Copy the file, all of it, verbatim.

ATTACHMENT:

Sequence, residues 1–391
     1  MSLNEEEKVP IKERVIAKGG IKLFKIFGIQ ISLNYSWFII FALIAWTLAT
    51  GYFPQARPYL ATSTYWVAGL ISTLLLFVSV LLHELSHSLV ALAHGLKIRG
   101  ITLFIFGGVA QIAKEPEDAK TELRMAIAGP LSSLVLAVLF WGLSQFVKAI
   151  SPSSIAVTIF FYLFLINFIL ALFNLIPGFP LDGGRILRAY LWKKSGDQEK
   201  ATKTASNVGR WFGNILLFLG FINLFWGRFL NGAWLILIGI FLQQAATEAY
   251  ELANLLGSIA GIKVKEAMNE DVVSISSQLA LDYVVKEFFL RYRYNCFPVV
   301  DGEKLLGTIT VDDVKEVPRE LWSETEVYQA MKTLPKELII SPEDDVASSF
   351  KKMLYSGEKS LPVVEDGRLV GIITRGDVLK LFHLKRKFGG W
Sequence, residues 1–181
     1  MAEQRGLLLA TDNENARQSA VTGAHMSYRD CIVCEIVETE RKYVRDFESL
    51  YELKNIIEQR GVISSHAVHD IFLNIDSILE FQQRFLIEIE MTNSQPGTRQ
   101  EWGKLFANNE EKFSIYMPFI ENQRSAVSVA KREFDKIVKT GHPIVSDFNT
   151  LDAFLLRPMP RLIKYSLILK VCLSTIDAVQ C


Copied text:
Sequence, residues 1–391
     1  MSLNEEEKVP IKERVIAKGG IKLFKIFGIQ ISLNYSWFII FALIAWTLAT
    51  GYFPQARPYL ATSTYWVAGL ISTLLLFVSV LLHELSHSLV ALAHGLKIRG
   101  ITLFIFGGVA QIAKEPEDAK TELRMAIAGP LSSLVLAVLF WGLSQFVKAI
   151  SPSSIAVTIF FYLFLINFIL ALFNLIPGFP LDGGRILRAY LWKKSGDQEK
   201  ATKTASNVGR WFGNILLFLG FINLFWGRFL NGAWLILIGI FLQQAATEAY
   251  ELANLLGSIA GIKVKEAMNE DVVSISSQLA LDYVVKEFFL RYRYNCFPVV
   301  DGEKLLGTIT VDDVKEVPRE LWSETEVYQA MKTLPKELII SPEDDVASSF
   351  KKMLYSGEKS LPVVEDGRLV GIITRGDVLK LFHLKRKFGG W
Sequence, residues 1–181
     1  MAEQRGLLLA TDNENARQSA VTGAHMSYRD CIVCEIVETE RKYVRDFESL
    51  YELKNIIEQR GVISSHAVHD IFLNIDSILE FQQRFLIEIE MTNSQPGTRQ
   101  EWGKLFANNE EKFSIYMPFI ENQRSAVSVA KREFDKIVKT GHPIVSDFNT
   151  LDAFLLRPMP RLIKYSLILK VCLSTIDAVQ C